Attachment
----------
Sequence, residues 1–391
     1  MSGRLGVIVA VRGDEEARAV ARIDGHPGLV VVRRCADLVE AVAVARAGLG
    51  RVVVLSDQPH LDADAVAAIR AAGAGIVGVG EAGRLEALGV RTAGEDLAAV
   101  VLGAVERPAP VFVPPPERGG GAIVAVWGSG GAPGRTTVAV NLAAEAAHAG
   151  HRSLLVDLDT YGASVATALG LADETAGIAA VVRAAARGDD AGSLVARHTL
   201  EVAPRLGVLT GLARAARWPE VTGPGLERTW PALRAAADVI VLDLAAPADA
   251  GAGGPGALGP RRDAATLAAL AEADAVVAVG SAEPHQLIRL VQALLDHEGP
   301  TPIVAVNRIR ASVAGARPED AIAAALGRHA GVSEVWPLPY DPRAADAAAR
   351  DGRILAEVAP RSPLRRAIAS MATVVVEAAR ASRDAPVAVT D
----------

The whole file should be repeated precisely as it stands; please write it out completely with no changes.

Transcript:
Sequence, residues 1–391
     1  MSGRLGVIVA VRGDEEARAV ARIDGHPGLV VVRRCADLVE AVAVARAGLG
    51  RVVVLSDQPH LDADAVAAIR AAGAGIVGVG EAGRLEALGV RTAGEDLAAV
   101  VLGAVERPAP VFVPPPERGG GAIVAVWGSG GAPGRTTVAV NLAAEAAHAG
   151  HRSLLVDLDT YGASVATALG LADETAGIAA VVRAAARGDD AGSLVARHTL
   201  EVAPRLGVLT GLARAARWPE VTGPGLERTW PALRAAADVI VLDLAAPADA
   251  GAGGPGALGP RRDAATLAAL AEADAVVAVG SAEPHQLIRL VQALLDHEGP
   301  TPIVAVNRIR ASVAGARPED AIAAALGRHA GVSEVWPLPY DPRAADAAAR
   351  DGRILAEVAP RSPLRRAIAS MATVVVEAAR ASRDAPVAVT D